By Pension and Benefits Editorial Staff
A federal trial court did not abuse its discretion in calculating the value of the improperly offset benefits of reemployed employees pursuant to an equitable remedy that, in treating the employees as newly hired, did not offset their prior distributions, but also did not fully credit their earlier service, according to the U.S. Court of Appeals in New York City (CA-2). The trial court's award of prejudgment interest at the federal prime rate also was affirmed as an appropriate balance of the need to redress the employees' claims without providing them with a windfall.
Calculation of offset benefits of reemployed employees. The case was a continuation of a long-running dispute centered on the calculation of the current benefits, under the pension plan of Xerox Corporation, for employees who, after leaving the company and receiving a lump-sum distribution of benefits, returned to the company. The plan administrator implemented a method of calculating the retirement benefits of the rehired employees that effectively reduced (i.e., offset) their benefits by the amount of the prior lump-sum disbursements. However, the offset method was implemented by the plan administrator without proper plan amendment or notice to the rehired employees.
In 2013, the Second Circuit determined that the plan administrator's method of calculating the employees' current benefits violated ERISA's notice requirements and thus, could not be applied. The appeals court remanded the case, charging the trial court with determining whether there was an appropriate equitable remedy that could provide appropriate benefits (i.e., “new benefits”) to the reemployed employees without resort to plan interpretation.
On remand, the trial court, selecting the equitable remedy of reformation, determined that the new benefits were to be calculated as it the employees had been newly hired on their return to Xerox (“new hire” remedy) (Frommert v. Becker, 153 F. Supp 3d 599, DC NY (2016)). Under the new hire method, the returning employees' benefits would be determined without any reduction to account for the prior benefit distributions, but also without any credit for prior years of service with Xerox. The court rejected alternative methods under which the unadjusted value of the employees' original benefits would have been subtracted from their new benefits, explaining that the new hire remedy properly accounted for the time value of money and properly compensated the employees without providing them with double benefits for the same period of service.
In a separate decision, the trial court further determined that the employees were entitled to prejudgment interest at the federal prime rate of 3.5% (Frommert v. Becker, 216 F. Supp 3d 309, DC NY (2016)). The federal prime rate was considered a balance between the 9% New York statutory rate, advocated by the employees, and the 0.66% federal post-judgment rate, recommended by the plan administrator.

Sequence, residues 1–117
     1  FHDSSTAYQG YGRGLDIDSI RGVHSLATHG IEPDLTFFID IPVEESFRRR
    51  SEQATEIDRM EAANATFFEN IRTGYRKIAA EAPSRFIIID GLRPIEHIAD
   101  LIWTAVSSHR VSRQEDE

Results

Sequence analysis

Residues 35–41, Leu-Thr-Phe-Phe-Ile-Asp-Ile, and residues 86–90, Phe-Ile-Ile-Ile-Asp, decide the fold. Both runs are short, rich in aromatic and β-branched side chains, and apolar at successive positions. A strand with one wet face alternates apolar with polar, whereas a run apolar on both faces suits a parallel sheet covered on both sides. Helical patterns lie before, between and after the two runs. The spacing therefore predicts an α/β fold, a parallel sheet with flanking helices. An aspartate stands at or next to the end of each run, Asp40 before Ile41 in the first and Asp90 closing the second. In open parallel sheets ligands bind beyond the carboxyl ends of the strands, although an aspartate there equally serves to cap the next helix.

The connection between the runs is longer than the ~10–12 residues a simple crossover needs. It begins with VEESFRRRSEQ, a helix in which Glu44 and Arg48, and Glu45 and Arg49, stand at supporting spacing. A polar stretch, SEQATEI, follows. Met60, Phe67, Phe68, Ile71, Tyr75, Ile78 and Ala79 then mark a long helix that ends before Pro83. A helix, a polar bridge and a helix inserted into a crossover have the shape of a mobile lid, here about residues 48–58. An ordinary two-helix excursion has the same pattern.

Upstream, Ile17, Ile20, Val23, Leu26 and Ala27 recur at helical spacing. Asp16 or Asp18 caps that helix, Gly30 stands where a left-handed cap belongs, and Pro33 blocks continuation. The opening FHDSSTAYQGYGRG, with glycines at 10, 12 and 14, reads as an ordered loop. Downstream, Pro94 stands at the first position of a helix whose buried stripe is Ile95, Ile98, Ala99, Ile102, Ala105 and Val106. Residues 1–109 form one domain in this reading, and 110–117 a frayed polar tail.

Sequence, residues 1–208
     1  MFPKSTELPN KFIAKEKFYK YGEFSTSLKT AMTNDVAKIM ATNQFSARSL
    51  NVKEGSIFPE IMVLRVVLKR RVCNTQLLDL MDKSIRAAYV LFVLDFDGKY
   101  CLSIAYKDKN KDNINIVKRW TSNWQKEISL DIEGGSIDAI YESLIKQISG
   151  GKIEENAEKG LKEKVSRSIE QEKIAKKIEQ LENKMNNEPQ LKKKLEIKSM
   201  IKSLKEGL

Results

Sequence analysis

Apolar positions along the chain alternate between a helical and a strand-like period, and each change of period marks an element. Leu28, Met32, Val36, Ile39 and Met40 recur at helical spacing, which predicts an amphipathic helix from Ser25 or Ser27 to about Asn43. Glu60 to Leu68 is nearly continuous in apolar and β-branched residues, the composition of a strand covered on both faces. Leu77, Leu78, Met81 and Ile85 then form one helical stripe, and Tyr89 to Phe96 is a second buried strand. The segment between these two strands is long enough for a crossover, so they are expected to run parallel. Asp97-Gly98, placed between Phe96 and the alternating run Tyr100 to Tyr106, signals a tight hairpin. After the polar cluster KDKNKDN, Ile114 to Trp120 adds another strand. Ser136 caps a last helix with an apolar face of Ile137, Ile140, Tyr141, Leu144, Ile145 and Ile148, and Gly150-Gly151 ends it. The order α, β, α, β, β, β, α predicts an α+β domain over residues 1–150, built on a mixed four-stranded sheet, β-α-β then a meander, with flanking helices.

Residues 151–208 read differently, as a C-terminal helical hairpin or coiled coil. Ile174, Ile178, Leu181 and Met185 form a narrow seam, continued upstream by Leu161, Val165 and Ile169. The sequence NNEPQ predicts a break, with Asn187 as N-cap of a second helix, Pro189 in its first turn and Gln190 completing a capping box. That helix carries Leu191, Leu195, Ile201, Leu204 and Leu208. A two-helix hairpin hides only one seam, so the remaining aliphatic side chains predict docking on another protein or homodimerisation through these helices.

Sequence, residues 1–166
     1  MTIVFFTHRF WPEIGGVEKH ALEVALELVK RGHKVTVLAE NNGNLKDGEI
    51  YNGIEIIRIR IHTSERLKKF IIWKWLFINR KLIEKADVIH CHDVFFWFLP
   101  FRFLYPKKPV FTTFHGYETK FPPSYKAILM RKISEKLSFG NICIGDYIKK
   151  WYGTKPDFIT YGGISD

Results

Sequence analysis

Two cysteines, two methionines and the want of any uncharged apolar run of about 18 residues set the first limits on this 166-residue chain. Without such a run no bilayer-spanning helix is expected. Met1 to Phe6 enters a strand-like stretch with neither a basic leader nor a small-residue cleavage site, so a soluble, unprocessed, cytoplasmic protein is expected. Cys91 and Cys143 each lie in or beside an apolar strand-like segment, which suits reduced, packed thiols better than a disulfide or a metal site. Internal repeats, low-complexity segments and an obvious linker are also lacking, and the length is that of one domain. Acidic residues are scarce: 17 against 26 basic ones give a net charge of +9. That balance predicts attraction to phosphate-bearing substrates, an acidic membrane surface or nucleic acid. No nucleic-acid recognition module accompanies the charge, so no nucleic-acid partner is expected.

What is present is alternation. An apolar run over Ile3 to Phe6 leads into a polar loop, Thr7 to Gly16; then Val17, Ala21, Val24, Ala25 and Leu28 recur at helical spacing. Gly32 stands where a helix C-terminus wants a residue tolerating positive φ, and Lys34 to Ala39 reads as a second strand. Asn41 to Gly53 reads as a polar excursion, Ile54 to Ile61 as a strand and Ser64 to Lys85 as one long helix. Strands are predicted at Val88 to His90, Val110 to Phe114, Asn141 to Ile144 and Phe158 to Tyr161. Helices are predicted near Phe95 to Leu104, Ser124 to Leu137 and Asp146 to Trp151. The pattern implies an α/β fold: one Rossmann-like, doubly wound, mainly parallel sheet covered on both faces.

The employees appealed, challenging the new hire remedy and the assigned interest rate as inadequate. The appeals court affirmed, concluding that the new hire remedy and the federal prime interest rate were proper exercises of the trial court's discretion.
New hire remedy not an abuse of discretion. On appeal, the employees, stressing that the new hire method did not fully account for their years of service with Xerox, argued that the trial court should have chosen an equitable method for calculating new benefits that was more favorable to them. In determining that the trial court did not abuse its discretion in adopting the new hire method, the appeals court noted the inadequacy of the alternative expected value and unadjusted value methods, which fail to account for the time value of money, and a no-offset method, which would have resulted in a windfall to the employees.
The employees further maintained that the trial court erred in refusing to consider the equitable remedies of surcharge and estoppel, which could have resulted in higher benefits. The trial court considered, but rejected surcharge and estoppel as unnecessary, given its adoption of the new hire method. Similarly, the appeals court explained that, as the new hire method was not an abuse of discretion, it was not compelled to address the comparative merits of surcharge or estoppel.
Prejudgment interest struck appropriate balance. In next affirming the award of prejudgment interest at the federal prime rate, the appeals court stressed the trial court's challenge of fully compensating the employees for their actual damages, while not providing them with an undeserved windfall. The trial court determined that the 3.5% federal prime rate struck an appropriate balance and fairly compensated the employees. The appeals court agreed, concluding that the trial court, in exercising its broad discretionary power, carefully considered all relevant factors in deciding that prejudgment interest was warranted and thoroughly explained its reasoning for using the federal prime rate.
SOURCE: Frommert v. Conkright (CA-2).
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